The BlackLED Difference
Why should a lighting designer choose a BlackLED fixture instead of another less expensive UV LED fixture?
Because for premium black light artwork, the BlackLED fixture will look better.
Inexpensive LED fixtures use inexpensive LED’s, which for UV fixtures means long wavelength 395-405 nm LED emitters, which can be packaged in inexpensive epoxy plastic cases. Shorter UV wavelengths are absorbed by plastic cases, so short wavelength LED emitters must be packaged in metal, with glass windows or lenses which do not absorb the UV light, but are more costly.
So why use short wavelength UV light? Because just as different colors, or wavelengths, of visible light appear different to the eye, different wavelengths, or colors, of UV light react differently with UV paints and pigments.
Virtually all UV wavelengths look good when illuminating “Day Glow” pigments, which look virtually the same color under white light as under ultraviolet. But when using true flourescent or “invisible” UV pigments, which are close to a neutral white under normal light, the difference in UV wavelengths is critically important.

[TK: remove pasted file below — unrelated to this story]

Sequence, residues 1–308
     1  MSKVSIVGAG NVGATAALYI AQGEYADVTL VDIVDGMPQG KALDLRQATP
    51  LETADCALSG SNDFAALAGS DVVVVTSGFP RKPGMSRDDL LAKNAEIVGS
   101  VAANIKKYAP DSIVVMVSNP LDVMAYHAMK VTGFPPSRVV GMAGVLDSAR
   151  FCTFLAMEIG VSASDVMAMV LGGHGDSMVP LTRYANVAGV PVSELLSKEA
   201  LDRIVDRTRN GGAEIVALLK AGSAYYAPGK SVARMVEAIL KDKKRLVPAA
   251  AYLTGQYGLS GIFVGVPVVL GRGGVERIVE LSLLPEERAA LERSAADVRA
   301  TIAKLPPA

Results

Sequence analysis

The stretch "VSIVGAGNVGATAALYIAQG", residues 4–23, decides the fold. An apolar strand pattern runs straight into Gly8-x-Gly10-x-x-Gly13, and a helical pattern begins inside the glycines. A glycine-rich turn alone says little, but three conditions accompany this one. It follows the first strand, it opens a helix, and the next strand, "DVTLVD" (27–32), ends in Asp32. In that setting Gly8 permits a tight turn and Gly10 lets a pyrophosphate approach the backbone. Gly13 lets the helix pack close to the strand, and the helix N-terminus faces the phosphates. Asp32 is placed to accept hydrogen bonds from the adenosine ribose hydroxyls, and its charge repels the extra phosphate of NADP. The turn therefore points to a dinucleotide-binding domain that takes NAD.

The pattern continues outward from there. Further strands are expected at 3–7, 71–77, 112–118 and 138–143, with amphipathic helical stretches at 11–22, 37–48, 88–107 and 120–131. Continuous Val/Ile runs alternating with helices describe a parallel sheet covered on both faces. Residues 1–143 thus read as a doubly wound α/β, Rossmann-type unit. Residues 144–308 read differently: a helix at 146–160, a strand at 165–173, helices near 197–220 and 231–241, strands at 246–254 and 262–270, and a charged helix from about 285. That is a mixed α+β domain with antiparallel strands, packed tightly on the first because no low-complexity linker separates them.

When illuminated with 405-395 nm UV light, which is typical for inexpensive UV LED fixtures, some flourescent pigments appear weak or grayish, especially the red, orange, and yellow shades. Inexpensive LED fixtures with this output range are best suited only for illuminating “Day-Glow” artwork.
When illuminated with 375 nm UV light, the range of flourescent pigments begins to appear closer to the intended colors, but the red and orange still appear slightly pastel. UV fixtures with 375 nm LED’s can be used when the artwork does not require saturated reds and oranges.
When illuminated with 365nm UV light, the full range of flourescent pigments now appears bright and saturated, with each color clear and distinct. For displaying artwork which uses the full spectrum of flourescent pigments, 365 nm UV output is essential
For premium results with premium artwork, specify PPS BlackLED fixtures